September 19, 2011

Forest Riddles - Why does lightning strike a tree?

By Naturalist Eric D’Aleo




Last month, I was walking through the forest at Squam Lakes Natural Science Center near the Piper homestead on Mt. Fayal while leading a program when I came across an unexpected surprise: A large pine tree struck by lightning about 80 feet from the foundation of the old homestead. Ancient cultures long feared lightning believing it was a weapon of the gods. The Greeks thought Zeus hurled lightning, while the Vikings believed Thor produced lightning as his hammer struck an anvil while riding his chariot across the clouds. Indian tribes in North America believed lightning was due to the flashing feathers of a mystical bird whose flapping wings produced the sound of thunder. Why was this tree singled out for such wrath?

I had never come across a relatively recent lightening strike before and immediately began searching around the tree for clues and evidence to provide information about what had happened. By observing the color of the scar was blond and not gray, I knew lightning struck the tree within a year. Looking closer, I also saw some pitch had flowed out from the edges of the bark by the scar.

As I looked around, I noticed other equally tall pine trees were unscathed and wondered why lightning had struck this particular tree. There appears to be no pattern or “norm” that determines which trees lightning strikes. The height, geographic location, and species of tree, as well as proximity to building structures are factors affecting the likelihood of whether or not a tree is struck. Trees that stand-alone, rise above other trees, or are close to water are the most likely candidates. Some tree species are more likely to receive a lightning strike than other species, including oaks, elms, pines, spruce, poplars, maples, and ash, while beech, birch, and horse chestnut receive fewer strikes. Trees that are deep-rooted, decayed, and dying are more prone to being struck by lightning than shallow-rooted and healthy trees. A tree closer to a building is more likely to be hit than another tree ten feet further away, assuming that they are the same species and height.

Why does lightning strike a tree in the first place? Trees act as lightning rods because electricity seeks the path of least resistance when conducting electrical charges from the clouds to the ground. Although wood is a poor conductor, moisture from sap and water inside a tree conducts electricity much better than air, thereby completing the circuit from ground to sky. Large, tall trees that carry a high volume of water during the summer when electrical storms are common are most likely to be victims of a lightning hit.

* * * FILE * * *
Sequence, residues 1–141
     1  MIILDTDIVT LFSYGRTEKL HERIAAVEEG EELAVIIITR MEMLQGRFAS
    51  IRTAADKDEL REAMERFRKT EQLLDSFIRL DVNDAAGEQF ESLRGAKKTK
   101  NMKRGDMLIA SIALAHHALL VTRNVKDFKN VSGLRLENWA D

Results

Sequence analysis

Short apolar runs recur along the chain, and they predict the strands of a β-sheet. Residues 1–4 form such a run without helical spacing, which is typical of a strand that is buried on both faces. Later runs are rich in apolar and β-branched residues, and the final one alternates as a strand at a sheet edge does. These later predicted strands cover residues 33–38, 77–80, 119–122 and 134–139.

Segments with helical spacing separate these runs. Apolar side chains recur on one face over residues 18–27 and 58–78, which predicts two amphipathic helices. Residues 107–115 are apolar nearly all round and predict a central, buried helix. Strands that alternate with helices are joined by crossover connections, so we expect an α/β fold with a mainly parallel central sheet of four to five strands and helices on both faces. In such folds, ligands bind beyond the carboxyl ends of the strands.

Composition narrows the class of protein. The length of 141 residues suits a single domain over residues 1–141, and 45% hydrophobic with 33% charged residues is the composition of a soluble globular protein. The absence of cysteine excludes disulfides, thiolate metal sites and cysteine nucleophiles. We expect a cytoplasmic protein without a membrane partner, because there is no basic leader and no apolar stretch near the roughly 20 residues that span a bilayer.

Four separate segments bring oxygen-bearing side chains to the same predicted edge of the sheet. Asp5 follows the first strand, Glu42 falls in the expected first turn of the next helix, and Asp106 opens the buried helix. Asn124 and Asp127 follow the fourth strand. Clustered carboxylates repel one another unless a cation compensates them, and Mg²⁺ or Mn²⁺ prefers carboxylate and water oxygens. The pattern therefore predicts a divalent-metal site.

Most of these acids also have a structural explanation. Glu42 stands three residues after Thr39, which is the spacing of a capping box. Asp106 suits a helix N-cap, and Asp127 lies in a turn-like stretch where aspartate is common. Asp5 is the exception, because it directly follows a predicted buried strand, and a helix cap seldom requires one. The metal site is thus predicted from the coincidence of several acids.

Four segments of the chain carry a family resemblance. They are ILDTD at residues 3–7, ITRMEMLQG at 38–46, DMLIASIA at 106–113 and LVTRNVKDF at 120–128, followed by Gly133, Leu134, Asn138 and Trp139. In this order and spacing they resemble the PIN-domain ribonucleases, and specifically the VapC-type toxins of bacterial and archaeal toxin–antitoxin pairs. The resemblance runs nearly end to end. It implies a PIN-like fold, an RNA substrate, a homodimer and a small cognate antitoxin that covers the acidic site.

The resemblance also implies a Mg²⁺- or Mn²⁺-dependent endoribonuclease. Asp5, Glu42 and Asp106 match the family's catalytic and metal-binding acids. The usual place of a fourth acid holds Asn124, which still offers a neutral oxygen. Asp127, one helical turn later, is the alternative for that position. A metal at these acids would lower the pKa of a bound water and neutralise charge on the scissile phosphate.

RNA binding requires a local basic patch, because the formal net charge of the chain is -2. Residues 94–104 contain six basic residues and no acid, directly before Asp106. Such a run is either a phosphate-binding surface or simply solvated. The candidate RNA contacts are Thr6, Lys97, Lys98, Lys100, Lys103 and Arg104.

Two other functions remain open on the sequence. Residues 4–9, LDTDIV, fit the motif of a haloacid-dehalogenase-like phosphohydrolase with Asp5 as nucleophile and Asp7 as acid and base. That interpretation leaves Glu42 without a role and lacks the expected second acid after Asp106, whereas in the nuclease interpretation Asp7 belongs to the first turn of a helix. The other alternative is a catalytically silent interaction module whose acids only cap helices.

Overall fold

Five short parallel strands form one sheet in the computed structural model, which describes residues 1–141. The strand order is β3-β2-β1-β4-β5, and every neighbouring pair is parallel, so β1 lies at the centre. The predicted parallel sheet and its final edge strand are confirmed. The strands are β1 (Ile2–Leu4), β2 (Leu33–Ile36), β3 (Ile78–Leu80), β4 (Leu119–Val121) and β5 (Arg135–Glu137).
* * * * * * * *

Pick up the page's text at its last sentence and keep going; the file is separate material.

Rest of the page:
Typically, lightning strikes a tree somewhere near the top of the canopy, rather than half way down the trunk, then it travels down the trunk into the ground. I looked up at the tree and noticed it was struck near the highest branches; the blond scar traveled down the trunk in a somewhat spiral shape. Often as trees grow, they “twist” in either a clockwise or a counterclockwise direction. If a tree grows slowly, the wood under the bark exhibits a pronounced spiral pattern, however, if the tree grows quickly the spiral in the underlying wood is less pronounced. The scar of this tree exhibited a slight, counterclockwise spiral. Knowing the history of the property, the diameter of the trunk (two feet), and the curvature of the lightning scar on its surface, I estimated the tree to be less than 100 years old and that it had grown quite rapidly. Pieces of bark and wood were scattered around the base of the trunk and up to thirty feet away. Some pieces were over eight feet long and up to four inches wide. One three-foot shard was actually driven a few inches into the ground. When lightning strikes a well-hydrated tree, the intense heat causes the bark and wood to be blown off the tree from steam generated by the sap boiling and cells exploding in the wood. Had the tree bark been rain soaked when it was struck, it would have shown very little damage, as the lightning would have followed the outside of the bark.

I thought about another pine tree hit by lightning several years ago near the Science Center parking lot, which is still alive, and wondered if this new casualty would survive. As it turns out, this is a difficult question to answer. Some trees die immediately with little sign of external damage, while others may live for a number of years. The loss of protective bark and the exposure of wood from the lightning scar increase the tree’s susceptibility to insects and disease. The intense heat from a strike also takes a lot of energy from the tree. To overcome the stress the tree needs to absorb additional water and nutrients from the soil.

As I headed back, down the slope to the Webster Building I didn’t think the tree would survive long due to the complications from the lightning strike and the competition and crowding of other healthy trees a few feet away. Who knew that even today the force of lightning could still fill us with as much awe and wonder as it did for ancient cultures?

2 comments:

Tree Removal Brooklyn said...

No ones really sure why they would ever strike trees but it happens, perhaps its their towerish structure? But still even so.

-Samudaworth Tree Service

Tree Removal Brooklyn said...

Great passage, I love your style of blogging. I'll be back again to check up for an update soon!

-Samudaworth Tree Service